First note: I urge you to always click and read directly from the source. Updates, movements, and details are constantly changing in the film industry. Get familiar with clicking HERE (https://www.basicagreement.iatse.net) first. Read on for info on IATSE and the possible strike. Yes, your shows will stop (that’s important for negotiations). BUT, if you knew
First note: I urge you to always click and read directly from the source. Updates, movements, and details are constantly changing in the film industry. Get familiar with clicking HERE (https://www.basicagreement.iatse.net) first. Read on for info on IATSE and the possible strike. Yes, your shows will stop (that’s important for negotiations). BUT, if you knew how many people died, were hospitalized, lives destroyed, divorced, never recovered their relationships with their kids, quit their careers, or just plain settled for inhumane treatment out of fear of being homeless – you might think twice about relaxing while you enjoy TV time. I want to relax and enjoy watching The Boys (fav show right now), I don’t want to feel guilty about needing entertainment like See (another super fav right now – LOVE IT). I want very very very rich execs to allow crew members to eat lunch (or dinner). It is more than possible to have humane working conditions across the board, we’ll get there soon. LOTS of productions have GREAT working conditions!! It is a proven and viable model for production. It’s true! So, let the negotiators set a basic standard.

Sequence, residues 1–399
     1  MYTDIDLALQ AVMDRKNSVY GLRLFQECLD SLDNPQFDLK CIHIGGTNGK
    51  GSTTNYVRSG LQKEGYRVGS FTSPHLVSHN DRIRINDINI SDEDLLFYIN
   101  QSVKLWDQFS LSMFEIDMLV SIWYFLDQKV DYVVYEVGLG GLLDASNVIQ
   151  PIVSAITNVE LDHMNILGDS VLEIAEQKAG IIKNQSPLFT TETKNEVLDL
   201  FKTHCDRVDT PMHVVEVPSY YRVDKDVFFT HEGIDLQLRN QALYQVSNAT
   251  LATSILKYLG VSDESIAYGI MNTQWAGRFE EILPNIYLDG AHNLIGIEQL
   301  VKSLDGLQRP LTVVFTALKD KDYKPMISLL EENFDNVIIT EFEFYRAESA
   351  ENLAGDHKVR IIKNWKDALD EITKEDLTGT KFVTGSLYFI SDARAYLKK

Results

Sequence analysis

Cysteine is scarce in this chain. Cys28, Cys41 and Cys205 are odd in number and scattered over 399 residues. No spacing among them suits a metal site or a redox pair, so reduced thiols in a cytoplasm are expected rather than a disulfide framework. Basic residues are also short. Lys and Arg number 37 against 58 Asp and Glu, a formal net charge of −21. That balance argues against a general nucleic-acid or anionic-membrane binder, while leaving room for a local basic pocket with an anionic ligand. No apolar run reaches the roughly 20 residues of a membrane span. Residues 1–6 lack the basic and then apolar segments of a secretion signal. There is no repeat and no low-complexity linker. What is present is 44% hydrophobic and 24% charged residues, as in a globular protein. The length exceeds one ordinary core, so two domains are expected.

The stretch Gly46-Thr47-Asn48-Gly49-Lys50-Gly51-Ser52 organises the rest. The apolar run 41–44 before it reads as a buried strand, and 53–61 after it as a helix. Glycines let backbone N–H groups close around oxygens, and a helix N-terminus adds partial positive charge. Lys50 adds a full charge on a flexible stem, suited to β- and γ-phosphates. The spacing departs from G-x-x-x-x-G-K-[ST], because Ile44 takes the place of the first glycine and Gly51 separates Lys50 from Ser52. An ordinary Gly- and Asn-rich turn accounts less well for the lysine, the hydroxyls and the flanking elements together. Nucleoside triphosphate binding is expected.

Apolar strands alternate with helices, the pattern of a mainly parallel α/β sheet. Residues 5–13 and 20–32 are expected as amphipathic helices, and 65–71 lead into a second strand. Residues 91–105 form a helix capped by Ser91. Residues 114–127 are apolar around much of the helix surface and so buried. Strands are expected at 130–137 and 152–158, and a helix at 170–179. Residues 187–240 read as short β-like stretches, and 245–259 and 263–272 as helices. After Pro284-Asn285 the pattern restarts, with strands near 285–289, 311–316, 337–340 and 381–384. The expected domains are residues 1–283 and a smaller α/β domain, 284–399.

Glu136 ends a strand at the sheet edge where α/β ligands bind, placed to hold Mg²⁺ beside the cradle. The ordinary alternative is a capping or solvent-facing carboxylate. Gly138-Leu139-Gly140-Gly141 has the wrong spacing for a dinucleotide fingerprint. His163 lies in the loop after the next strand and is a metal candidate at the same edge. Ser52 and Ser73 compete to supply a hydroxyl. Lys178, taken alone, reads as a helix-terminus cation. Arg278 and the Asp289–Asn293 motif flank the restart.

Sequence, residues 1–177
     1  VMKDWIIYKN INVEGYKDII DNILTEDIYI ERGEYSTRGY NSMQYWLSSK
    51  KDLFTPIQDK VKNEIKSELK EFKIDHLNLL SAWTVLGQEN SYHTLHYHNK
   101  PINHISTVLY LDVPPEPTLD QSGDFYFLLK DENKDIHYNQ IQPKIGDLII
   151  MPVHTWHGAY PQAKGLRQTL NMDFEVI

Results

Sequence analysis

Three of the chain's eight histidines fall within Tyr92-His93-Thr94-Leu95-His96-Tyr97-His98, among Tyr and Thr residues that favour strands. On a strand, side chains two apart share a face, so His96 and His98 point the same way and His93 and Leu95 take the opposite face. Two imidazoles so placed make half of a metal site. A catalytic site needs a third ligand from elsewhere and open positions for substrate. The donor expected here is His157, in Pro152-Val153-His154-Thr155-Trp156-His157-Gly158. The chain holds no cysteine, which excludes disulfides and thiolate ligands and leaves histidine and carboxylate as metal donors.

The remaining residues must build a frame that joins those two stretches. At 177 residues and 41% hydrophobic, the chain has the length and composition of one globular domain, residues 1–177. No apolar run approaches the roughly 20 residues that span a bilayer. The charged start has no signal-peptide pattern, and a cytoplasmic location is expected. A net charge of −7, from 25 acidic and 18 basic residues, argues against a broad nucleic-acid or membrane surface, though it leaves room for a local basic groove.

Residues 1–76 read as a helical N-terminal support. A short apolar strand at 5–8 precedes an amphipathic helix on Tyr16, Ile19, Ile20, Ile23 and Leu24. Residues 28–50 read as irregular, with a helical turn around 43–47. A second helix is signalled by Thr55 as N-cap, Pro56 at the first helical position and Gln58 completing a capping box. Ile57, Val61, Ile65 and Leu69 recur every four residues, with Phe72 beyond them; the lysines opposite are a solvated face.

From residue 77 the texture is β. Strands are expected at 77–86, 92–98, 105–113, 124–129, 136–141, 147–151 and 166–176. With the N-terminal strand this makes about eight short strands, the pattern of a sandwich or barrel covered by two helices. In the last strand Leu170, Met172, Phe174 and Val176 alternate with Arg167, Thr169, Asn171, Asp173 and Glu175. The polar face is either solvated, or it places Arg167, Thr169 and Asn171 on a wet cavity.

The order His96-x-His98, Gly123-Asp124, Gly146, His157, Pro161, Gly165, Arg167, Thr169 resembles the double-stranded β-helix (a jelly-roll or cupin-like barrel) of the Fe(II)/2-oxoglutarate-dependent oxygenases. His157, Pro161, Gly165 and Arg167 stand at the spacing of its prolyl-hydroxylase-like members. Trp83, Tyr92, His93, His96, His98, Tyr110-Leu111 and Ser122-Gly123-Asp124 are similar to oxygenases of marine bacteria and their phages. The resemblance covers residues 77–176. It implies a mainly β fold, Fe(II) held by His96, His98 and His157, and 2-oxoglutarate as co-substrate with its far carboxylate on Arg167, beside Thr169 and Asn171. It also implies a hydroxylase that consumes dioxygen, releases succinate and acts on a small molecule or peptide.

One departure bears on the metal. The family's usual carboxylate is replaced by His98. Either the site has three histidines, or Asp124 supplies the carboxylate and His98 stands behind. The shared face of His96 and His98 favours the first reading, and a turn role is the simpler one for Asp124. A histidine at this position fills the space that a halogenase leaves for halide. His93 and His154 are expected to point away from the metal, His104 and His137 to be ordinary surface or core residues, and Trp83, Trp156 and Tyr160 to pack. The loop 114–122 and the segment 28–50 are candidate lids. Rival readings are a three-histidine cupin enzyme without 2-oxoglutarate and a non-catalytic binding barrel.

Who is IATSE?
Read about them HERE (https://iatse.net)
The International Alliance of Theatrical Stage Employees, Moving Picture Technicians, Artists and Allied Crafts of the United States, Its Territories and Canada (IATSE) was founded in 1893 when representatives of stagehands working in eleven cities met in New York and pledged to support each others’ efforts to establish fair wages and working conditions for their members.